Egypt Increases Airport Security and Detains Two Staff Members after Russia Plane DisasterNovember 18, 2015 in Egypt
On Tuesday, the Egyptian government announced that it is increasing security at airports over the possibility that a Russian plane departing from a Sinai resort was brought down by a bomb late last month.
A statement released by the interior ministry disclosed that “taking into consideration all possible causes behind the plane crash, including the possibility that it was targeted by a terrorist attack, the Egyptian authorities have enhanced security measures in all airports.” The country’s’ interior ministry further disclosed on Tuesday that there was a review of screening measures for passengers and luggage, “and enhancement of search procedures for passengers and workers upon entry into the airport.” The ministry added that “security sweeps” of airplanes would be conducted as well as “reviews of flight crews’ security permits.” The release of the statement came as an Egyptian minister disclosed that a probe into the crash had yet to reach any final conclusions pertaining to the disaster. Speaking at a news conference, Civil Aviation Minister Hossam Kamal stated that “until now the (investigation) committee has not yet arrived to any results indicating the cause of the crash.” The remarks came shortly after officials in Russia announced that a bomb had brought down the aircraft. Alexander Bortnikov, the head of Russia’s FSB, disclosed Tuesday that the conclusion of Russian investigators was that a homemade bomb containing around 1 kg (2 lbs) of TNT had detonated during the flight, which caused the plane to break up in mid air. He further stated that “we can unequivocally say it was a terrorist act.”
The plane, which was flown by Russian firm Kogalymavia, came down shortly after take off from resort Sharm el-Sheikh on 31 October. All 224 people on board were killed in what is Russia’s worst air disaster. The crash prompted Britain to restrict flights to the resort, and Moscow to all Egyptian airports while barring the country’s national carrier EgyptAir from Russia.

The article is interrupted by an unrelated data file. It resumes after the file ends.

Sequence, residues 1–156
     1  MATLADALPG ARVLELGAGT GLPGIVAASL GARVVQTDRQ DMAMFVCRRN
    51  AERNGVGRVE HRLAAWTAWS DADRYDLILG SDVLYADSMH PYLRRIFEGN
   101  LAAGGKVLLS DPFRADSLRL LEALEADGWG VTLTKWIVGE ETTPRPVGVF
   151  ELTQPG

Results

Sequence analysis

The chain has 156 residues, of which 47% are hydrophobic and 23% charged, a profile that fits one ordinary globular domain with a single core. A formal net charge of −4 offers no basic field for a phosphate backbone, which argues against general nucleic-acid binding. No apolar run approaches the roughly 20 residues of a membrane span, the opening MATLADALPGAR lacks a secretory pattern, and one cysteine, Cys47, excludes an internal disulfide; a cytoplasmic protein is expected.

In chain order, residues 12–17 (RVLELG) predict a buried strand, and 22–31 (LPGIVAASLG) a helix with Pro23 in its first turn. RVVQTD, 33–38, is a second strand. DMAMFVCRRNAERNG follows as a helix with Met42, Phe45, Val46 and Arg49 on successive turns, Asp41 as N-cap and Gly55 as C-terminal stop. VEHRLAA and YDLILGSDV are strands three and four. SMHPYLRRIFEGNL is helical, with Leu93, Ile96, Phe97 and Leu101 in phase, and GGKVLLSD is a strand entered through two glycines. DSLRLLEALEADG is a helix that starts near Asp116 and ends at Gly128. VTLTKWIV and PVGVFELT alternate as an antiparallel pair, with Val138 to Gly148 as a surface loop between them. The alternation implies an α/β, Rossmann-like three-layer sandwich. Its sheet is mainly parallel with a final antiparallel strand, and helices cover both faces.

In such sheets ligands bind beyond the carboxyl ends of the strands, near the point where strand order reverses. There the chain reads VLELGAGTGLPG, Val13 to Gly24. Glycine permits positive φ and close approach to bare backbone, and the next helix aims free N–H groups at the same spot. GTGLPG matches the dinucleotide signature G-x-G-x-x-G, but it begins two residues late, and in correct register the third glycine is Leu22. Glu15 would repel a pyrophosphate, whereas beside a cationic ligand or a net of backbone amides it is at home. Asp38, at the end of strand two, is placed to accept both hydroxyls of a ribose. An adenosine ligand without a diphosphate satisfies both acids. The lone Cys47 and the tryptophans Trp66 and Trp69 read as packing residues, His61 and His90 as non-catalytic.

It is now known how a bomb would have been smuggled on the plane before it set off from the popular Red Sea resort, however there have been suspicions that it was an inside job. Two security officials and an airport employee disclosed on Tuesday that Egyptian authorities have detained two employees of Sharm el-Sheikh airport for questioning in connection with the downing of the Russian jet. One of the security officials has indicated that “seventeen people are being held, two of them are suspected of helping whoever planted the bomb on the plane at Sharm el-Sheikh airport.” The other security official has disclosed that CCTV footage showed a baggage handler carrying a suitcase from an airport building to another man, who was loading luggage onto the doomed airliner from beneath the plane on the runway. Meanwhile an employee at the airport media department has also confirmed that two members of the ground crew had been detained for questioning on Monday night. It currently remains unclear what role the employees had at the airport, which is the third largest in the country and which handles a vast number of charter and budget flights for tourists visiting the southern Sinai peninsula. In a statement however, the interior and civil aviation ministries’ media departments denied that there had been any arrests.
Separately, other sources at the airport have reported that security forces were searching for two employees who are suspected of leaving a baggage-scanning machine unattended for a period of time while passengers were boarding the Russian plane. Sources have indicated that CCTV footage is being examined in order to confirm what occurred. Sources however have reported that investigators had questioned all the airport staff involved with handling the Russian plane, its passengers and bags after the accident. So far, no arrests have been made in the search for the two employees who were believed to have stepped away from the baggage-scanning machine.
British Foreign Secretary Philip Hammond has previously stated that failures in security at Sharm el-Sheikh airport may have enabled the attack. According to Hammond, “you don’t need a sophisticated capability to get a small bomb, and that’s all you need to bring down an aircraft, a small bomb with a straightforward timer,” adding that “sadly there are many, many people who can do that. The issue is about getting it air side in an airport that is supposed to be secure…Where this points the finger is at the capability of the security on the ground at Sharm el-Sheikh.”